This business style has seeped into the education system (or maybe it’s the other way around), which the Brits and Aussies have recognized needs to change so boys stop getting left behind, but so far Americans are pretty much ignoring that growing problem. Schools ban competition, comparisons, hierarchy, objective answers, concrete subjects and grading systems, and more male-friendly features. When society pushes female-dominated activities and behaviors—such as talking (and overtalking), hovering over children, aversion to risk, collective decisionmaking, consensus-building—we push men to either strike back at such attempts to deny their manhood or retreat into their stinky man caves. But we don’t have to promote such bipolar behavior. We can reclaim the truth that, when we’re not fighting for power, men and women complete each other.
The Male-Female Tao
My dad and mom balance each other the way men and women are supposed to in marriage. For one, mom absolved our faults, and dad made us see that forgiveness is no excuse for perpetual transgression. Together, they provided us tender love and tough love. Everyone needs both, because tender love without tough love becomes a chaotic free-for-all, which inflicts its own pain, while tough love without tenderness frays the soul. Without either half, a person and a society loses its balance.
Today, our society leans too far towards femininity. Children at large suffer less from a lack of fun or self-esteem than they do a lack of discipline, work ethic, and respect. Curiously enough, the latter are the character traits dads, like my father and husband, are particularly good and focused at instilling in their children. When we deny men the ability to express their masculinity, we stunt a society that desperately needs fathers who tell kids to speak respectfully to mother, get out of bed on time in the morning, and eat their dinner or they’ll sit at the table until they do.
These are not just idle requirements. You know that “skills gap” everyone keeps complaining about during our economic doldrums, where the jobs available can’t find qualified employees? Employers’ major complaints are that they can’t get people to show up on time, pass a drug test, or work hard once hired. Maybe far too many moms have restrained far too many dads from pouncing their teens out of bed in the morning. Or maybe far too many dads can’t do that because they’re not living with their kids.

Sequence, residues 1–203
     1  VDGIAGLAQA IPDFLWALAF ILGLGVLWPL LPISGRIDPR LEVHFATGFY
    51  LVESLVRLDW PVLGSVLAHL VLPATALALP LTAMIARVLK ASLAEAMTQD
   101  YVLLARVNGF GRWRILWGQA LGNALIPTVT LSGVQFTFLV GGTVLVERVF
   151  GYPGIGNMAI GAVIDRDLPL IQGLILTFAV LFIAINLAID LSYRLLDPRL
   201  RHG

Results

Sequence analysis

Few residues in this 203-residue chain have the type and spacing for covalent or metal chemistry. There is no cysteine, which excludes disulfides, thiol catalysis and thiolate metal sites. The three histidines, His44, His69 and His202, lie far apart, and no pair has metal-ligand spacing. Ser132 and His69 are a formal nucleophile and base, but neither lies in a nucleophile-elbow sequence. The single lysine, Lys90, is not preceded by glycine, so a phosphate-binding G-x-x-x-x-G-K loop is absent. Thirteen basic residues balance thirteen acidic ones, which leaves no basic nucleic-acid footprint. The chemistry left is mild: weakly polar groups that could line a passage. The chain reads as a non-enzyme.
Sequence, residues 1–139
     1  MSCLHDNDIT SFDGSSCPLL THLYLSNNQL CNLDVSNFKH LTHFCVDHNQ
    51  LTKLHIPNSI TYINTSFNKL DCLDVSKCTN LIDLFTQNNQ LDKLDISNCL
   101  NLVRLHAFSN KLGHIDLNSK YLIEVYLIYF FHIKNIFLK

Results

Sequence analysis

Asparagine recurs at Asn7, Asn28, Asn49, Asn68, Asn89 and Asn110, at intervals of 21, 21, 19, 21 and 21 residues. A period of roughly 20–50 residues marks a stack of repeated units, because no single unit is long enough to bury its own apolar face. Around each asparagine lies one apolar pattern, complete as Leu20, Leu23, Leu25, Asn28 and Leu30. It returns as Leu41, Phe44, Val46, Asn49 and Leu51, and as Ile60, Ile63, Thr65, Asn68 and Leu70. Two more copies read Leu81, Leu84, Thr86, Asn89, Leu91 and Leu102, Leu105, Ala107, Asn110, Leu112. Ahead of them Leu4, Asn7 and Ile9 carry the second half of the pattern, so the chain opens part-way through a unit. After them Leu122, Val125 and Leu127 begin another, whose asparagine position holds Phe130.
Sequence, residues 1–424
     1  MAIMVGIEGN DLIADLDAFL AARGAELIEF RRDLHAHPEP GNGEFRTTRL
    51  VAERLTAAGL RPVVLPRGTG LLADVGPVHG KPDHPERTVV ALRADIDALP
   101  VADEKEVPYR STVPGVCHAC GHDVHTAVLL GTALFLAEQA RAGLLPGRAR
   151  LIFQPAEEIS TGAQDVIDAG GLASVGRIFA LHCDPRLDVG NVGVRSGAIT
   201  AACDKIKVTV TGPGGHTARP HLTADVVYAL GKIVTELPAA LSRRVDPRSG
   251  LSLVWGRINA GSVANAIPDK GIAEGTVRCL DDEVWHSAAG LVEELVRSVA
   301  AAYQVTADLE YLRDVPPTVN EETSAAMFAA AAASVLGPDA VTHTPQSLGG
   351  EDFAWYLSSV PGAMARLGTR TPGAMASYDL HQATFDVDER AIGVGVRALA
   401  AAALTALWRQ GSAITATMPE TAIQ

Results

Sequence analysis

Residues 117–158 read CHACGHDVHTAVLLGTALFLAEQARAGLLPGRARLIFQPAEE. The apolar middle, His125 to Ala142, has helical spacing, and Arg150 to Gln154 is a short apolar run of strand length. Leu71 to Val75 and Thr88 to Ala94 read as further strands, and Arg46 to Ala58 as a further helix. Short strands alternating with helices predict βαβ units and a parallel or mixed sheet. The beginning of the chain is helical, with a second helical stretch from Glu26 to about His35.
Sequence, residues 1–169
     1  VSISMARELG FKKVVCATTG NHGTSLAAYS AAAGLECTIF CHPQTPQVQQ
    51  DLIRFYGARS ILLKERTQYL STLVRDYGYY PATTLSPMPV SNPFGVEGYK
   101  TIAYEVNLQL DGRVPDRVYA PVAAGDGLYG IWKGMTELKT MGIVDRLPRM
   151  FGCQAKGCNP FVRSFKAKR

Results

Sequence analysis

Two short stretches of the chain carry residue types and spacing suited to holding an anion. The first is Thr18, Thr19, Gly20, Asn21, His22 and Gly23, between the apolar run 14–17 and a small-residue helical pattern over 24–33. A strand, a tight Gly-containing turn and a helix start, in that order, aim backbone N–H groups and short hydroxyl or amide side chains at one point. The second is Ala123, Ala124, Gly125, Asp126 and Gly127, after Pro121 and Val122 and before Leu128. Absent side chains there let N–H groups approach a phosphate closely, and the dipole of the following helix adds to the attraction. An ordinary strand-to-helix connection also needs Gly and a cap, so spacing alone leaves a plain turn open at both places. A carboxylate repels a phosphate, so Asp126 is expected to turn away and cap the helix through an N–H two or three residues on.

Well, my father did, bless him. I still remember with a twinge him stalking about our farmhouse halls in what I thought was the wee hours of the morning, whistling like a gleeful torturer straight from Dante’s inferno. I remember him insisting we would read the Bible together. That is of eternal benefit for me, given research shows “It is the religious practice of the father of the family that, above all, determines the future attendance at or absence from church of the children.” I remember dad making my brothers scoot out the door every morning to milk the family cow.
I’m not going to lie. It was mostly annoying back then. Like all middle-schoolers, I thought I was so persecuted because I had to do homework before I was allowed to play. But now that I’m not as stupid as I was then, I’m very grateful. And now that I’m a parent myself, I realize how annoying it was for dad to dutifully keep on us all the time when he would surely rather be out on his tractor doing something productive.
But his fathering was productive. Kids just take a lot longer to cultivate than potatoes and chickens.
Thanks, dad, for giving me what I needed, regardless of whether society confirmed my need for you. Neither presents nor words can say it sufficiently: Happy Father’s Day.